“When The Last Picture Show came out, in 1971, it was acclaimed not only as the breakout hit of a young gun (the director, Peter Bogdanovich, was still in his early thirties) but also as a dusty remembrance of things past,” writes New Yorker critic Anthony Lane.

“The movie was set twenty years before, in a small Texas town, where even the young folk — played to perfection by Jeff Bridges, Cybill Shepherd, Timothy Bottoms and others — bore the look of natural-born elegists, and where the quest for sexual services (led by Cloris Leachman, as the wife of a sports coach) seemed less a matter of lust, let alone joy, than a desperate bid to delay the dying falls of love.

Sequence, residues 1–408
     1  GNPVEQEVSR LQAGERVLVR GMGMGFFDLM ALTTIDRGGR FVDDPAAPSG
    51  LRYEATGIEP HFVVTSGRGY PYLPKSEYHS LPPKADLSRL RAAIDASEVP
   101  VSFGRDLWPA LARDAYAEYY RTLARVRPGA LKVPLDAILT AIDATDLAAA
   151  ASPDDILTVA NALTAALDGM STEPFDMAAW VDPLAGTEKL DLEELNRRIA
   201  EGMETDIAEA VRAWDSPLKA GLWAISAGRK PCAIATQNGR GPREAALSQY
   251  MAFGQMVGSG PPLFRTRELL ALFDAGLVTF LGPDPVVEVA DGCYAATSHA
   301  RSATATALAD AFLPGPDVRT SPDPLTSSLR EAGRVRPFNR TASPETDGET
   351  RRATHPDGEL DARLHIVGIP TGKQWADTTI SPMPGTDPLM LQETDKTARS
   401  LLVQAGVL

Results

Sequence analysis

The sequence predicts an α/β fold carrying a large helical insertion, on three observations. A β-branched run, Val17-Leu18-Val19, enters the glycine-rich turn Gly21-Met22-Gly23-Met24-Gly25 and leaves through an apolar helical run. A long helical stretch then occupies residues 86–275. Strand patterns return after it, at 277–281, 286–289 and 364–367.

“Nowadays, we are the nostalgists, and it is Bogdanovich’s film (which the director David Gordon Green selected for a July 20 screening at BAM) that asks to be treasured as the product — indeed, the standard-bearer — of a faded age. There was a time when movies themselves felt like small towns: rooted fast in their environments, and alive to the wistful chatter of minor characters as they crossed paths and then went on their way.”
And the most small-towny moment in the entire film was Ben Johnson‘s soliloquy about change and “gettin’ old” and a love affair he had about 20 years back with a girl, and a silver dollar she probably still has.

“You wouldn’t believe how this country’s changed. First time I seen it there wasn’t a mesquite tree on it. First time I watered a horse at this tank was more than 40 years ago. I’m probably just as sentimental as the next fella when it comes to old times.”